To peel back some more layers of Charlie Berlin and to explore how he’s coping ten years after his war experiences – is he coping, or does he just appear to be? And what is dredged up for him when he’s confronted with a situation that questions the worth of what he fought for and what his comrades lost their lives for. The men and women who survived WW2 were expected to come home and get on with their normal lives. Most of them looked like they did but many of them struggled with what they’d seen and done and a ‘normal’ life wasn’t easy to achieve. Hopefully it will satisfy the people who wanted to know what happened to the main characters in the first Berlin story and also perhaps inspire people to look into some of my earlier writing. What I ultimately want to achieve with all my books is to tell a good yarn.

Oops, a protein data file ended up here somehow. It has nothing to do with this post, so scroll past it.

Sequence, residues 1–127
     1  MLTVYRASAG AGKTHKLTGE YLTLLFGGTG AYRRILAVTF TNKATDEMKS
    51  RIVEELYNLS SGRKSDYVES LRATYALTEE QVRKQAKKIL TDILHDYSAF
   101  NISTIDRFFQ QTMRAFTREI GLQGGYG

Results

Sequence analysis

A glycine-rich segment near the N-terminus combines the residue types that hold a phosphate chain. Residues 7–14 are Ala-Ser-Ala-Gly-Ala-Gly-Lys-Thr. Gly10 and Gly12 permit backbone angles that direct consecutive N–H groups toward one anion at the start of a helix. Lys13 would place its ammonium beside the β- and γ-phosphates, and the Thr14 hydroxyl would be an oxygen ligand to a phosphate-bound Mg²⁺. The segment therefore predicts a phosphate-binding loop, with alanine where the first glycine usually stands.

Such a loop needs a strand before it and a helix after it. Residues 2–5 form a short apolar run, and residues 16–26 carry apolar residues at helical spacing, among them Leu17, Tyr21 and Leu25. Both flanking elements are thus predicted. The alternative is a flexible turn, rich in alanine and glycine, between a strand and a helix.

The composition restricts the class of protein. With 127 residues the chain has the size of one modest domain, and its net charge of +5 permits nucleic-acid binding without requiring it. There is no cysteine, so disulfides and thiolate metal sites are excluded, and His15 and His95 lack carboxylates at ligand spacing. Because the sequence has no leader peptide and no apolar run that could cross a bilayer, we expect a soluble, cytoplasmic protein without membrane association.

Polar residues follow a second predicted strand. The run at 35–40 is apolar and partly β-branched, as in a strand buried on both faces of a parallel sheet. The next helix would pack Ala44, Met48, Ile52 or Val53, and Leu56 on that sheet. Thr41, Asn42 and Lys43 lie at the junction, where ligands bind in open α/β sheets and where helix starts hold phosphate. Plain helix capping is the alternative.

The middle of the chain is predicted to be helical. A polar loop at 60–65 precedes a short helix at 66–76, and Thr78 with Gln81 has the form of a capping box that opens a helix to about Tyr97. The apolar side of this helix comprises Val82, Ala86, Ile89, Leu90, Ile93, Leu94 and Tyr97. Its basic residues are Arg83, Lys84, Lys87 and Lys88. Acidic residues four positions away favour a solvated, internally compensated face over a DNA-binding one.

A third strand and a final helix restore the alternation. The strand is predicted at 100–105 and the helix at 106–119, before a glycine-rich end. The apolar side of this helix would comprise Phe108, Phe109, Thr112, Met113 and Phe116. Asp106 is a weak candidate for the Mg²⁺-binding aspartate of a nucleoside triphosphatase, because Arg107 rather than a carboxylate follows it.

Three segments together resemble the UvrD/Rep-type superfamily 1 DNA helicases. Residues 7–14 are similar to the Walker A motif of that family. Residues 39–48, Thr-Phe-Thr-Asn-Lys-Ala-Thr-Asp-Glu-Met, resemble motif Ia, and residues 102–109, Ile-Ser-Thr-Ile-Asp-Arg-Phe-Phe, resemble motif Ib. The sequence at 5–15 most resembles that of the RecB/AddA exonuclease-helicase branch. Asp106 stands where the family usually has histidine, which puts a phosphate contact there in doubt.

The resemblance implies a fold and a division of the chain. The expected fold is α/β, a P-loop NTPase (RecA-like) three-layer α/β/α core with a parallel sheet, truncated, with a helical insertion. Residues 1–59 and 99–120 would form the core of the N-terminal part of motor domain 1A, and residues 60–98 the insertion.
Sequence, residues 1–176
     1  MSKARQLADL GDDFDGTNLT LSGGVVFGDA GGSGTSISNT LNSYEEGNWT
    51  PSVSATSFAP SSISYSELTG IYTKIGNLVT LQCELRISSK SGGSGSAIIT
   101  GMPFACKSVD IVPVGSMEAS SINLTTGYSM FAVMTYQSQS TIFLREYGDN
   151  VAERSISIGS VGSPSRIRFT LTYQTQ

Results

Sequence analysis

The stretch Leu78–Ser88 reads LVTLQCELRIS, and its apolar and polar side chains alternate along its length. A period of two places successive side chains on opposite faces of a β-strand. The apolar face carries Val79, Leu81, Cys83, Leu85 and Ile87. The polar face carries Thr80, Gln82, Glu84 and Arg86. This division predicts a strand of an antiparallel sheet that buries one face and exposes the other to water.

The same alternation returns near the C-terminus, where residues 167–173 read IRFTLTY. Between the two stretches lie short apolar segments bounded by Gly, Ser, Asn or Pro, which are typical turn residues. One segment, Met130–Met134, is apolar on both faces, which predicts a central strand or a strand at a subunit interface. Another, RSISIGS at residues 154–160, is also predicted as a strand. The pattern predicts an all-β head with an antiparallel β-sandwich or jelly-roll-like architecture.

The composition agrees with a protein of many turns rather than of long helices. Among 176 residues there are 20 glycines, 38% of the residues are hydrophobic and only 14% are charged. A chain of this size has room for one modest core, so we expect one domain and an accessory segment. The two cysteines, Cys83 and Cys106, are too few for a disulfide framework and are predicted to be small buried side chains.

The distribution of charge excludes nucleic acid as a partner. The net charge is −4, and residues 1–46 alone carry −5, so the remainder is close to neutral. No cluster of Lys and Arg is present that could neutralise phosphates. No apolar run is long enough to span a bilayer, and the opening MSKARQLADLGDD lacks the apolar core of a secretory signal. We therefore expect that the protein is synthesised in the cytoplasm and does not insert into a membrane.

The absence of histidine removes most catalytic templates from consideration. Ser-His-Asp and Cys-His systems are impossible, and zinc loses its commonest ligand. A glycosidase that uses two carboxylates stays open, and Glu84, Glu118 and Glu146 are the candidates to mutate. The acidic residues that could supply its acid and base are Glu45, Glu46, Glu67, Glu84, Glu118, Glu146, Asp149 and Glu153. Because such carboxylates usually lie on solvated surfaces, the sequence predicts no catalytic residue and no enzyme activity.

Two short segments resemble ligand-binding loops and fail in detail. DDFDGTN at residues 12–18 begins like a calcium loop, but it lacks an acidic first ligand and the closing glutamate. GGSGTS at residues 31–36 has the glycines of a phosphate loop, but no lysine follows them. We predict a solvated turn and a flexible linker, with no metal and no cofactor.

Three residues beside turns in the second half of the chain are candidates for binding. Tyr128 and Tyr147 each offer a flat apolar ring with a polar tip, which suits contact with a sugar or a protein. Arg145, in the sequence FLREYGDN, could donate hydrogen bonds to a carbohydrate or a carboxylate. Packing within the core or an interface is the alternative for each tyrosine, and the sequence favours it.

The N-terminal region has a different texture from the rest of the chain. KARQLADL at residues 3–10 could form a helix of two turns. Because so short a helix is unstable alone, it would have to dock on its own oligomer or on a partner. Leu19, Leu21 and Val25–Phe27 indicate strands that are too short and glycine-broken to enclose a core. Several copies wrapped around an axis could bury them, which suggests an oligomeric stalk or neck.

What do you hope for your book?
I’d love to get the same response I had to the first Charlie Berlin story with emails from readers who could identify with him or through his struggles understand a little more about what people of his generation went through.
Are there any parts of it that have special personal significance to you?
My father was an Australian airman who served with the RAF in Europe, though he was a navigator in a special duties Halifax bomber squadron while the fictional Charlie Berlin was a Lancaster pilot with Bomber command. Both men were POWs and both took part in the frightful march out of Poland into Germany during the worst winter blizzards in a hundred years. It was on this march that Berlin witnesses something that shatters his soul. Whatever demons my father brought home with him he seems to have dealt with successfully but Charlie Berlin has a lot going on just below the surface.
Do you have a favourite character or one you really enjoyed writing?